Zodiac Killer cipher is solved 51 years after it was sent to newspaper

A "Wanted" poster, police sketches and copies of letters sent to the San Francisco Chronicle by the killer known as "Zodiac."
Amateur sleuths from the U.S., Australia and Belgium teamed up to decipher a coded letter the Zodiac Killer sent to the San Francisco Chronicle in 1969.
(Eric Risberg / Associated Press)

A coded letter mailed to a San Francisco newspaper by the Zodiac serial killer in 1969 has been deciphered by a team of amateur sleuths from the United States, Australia and Belgium, the San Francisco Chronicle reported Friday.

The cipher is one of many sent by a killer who referred to himself as Zodiac in letters sent to detectives and the media. He terrorized Northern California communities and killed five people in the Bay Area in 1968 and 1969.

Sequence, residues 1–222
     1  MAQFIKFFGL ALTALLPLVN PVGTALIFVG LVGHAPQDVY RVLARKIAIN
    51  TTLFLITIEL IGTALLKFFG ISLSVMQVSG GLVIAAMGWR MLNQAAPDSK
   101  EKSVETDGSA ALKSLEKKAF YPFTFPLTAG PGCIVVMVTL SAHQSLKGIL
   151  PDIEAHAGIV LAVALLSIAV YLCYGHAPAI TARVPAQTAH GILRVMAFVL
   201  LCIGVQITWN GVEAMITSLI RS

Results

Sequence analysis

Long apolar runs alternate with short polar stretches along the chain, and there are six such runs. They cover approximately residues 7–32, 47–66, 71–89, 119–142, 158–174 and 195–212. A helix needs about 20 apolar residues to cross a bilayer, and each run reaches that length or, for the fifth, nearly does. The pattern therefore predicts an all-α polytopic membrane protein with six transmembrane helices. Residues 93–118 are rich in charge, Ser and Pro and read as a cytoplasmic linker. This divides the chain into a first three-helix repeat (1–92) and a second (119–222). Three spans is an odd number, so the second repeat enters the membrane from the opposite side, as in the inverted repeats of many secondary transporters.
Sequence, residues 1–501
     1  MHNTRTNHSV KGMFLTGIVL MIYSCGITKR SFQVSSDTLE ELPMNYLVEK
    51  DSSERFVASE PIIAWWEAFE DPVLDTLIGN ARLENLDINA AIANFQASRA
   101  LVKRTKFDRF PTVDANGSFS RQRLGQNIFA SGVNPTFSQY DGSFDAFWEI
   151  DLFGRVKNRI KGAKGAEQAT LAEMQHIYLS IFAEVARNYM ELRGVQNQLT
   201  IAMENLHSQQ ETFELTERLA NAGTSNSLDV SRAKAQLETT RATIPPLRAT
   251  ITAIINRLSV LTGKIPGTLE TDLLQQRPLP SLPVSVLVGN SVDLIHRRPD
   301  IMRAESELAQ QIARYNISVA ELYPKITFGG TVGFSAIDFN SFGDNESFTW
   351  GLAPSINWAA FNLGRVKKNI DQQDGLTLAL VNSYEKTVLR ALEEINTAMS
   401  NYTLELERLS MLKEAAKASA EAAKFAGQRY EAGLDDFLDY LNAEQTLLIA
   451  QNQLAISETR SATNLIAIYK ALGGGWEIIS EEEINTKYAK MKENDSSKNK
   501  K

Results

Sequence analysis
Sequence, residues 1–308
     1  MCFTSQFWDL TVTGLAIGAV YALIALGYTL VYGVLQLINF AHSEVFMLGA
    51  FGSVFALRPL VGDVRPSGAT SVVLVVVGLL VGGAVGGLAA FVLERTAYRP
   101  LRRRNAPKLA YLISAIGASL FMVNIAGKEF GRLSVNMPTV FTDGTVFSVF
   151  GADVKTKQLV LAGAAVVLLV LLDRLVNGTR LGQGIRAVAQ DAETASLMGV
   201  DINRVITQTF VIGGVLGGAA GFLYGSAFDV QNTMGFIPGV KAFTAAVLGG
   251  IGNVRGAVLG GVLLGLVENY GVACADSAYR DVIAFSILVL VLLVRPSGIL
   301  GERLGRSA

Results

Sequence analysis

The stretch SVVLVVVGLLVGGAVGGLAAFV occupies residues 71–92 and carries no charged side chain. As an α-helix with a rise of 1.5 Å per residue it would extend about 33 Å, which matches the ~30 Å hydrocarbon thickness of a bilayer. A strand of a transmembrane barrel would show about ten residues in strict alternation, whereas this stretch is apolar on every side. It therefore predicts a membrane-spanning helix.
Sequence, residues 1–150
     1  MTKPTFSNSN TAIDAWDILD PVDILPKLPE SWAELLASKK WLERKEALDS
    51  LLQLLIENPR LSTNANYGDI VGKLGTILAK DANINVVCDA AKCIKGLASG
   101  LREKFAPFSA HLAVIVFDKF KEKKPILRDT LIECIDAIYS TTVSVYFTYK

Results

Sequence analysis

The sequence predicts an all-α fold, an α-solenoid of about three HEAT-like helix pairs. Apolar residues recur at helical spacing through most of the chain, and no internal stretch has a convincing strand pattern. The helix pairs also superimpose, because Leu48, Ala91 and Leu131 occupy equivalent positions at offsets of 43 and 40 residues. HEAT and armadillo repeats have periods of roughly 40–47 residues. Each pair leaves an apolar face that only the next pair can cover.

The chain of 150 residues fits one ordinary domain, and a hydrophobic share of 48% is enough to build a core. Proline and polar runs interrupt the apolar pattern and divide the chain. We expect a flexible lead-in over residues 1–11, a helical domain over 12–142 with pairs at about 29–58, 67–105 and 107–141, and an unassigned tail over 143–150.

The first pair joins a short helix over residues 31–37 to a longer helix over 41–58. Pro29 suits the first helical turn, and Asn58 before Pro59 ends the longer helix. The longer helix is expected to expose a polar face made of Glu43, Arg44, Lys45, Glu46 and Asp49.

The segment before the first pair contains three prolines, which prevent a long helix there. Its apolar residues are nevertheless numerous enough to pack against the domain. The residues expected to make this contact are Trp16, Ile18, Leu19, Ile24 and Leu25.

According to code-breaking expert David Oranchak, the cipher’s text includes: “I hope you are having lots of fun in trying to catch me. ... I am not afraid of the gas chamber because it will send me to paradise all the sooner because I now have enough slaves to work for me,” the newspaper reported.


Oranchak, who has been working on the Zodiac’s codes for years, said in an email to the newspaper that the solved cipher has been sent to the FBI.

“They have confirmed the solution. No joke! This is the real deal,” he wrote.

Cameron Polan, spokeswoman for the FBI’s San Francisco office, confirmed Oranchak’s account Friday.

“The FBI is aware that a cipher attributed to the Zodiac Killer was recently solved by private citizens. The Zodiac Killer case remains an ongoing investigation for the FBI San Francisco division and our local law enforcement partners,” she said in a statement.

“Due to the ongoing nature of the investigation, and out of respect for the victims and their families, we will not be providing further comment at this time,” she added.

This is the second time a Zodiac cipher has been cracked. The first, one long cipher sent in pieces to the Chronicle, the San Francisco Examiner and the Vallejo Times-Herald in 1969, was solved by a Salinas schoolteacher and his wife.

It said little beyond: “I like killing because it is so much fun.”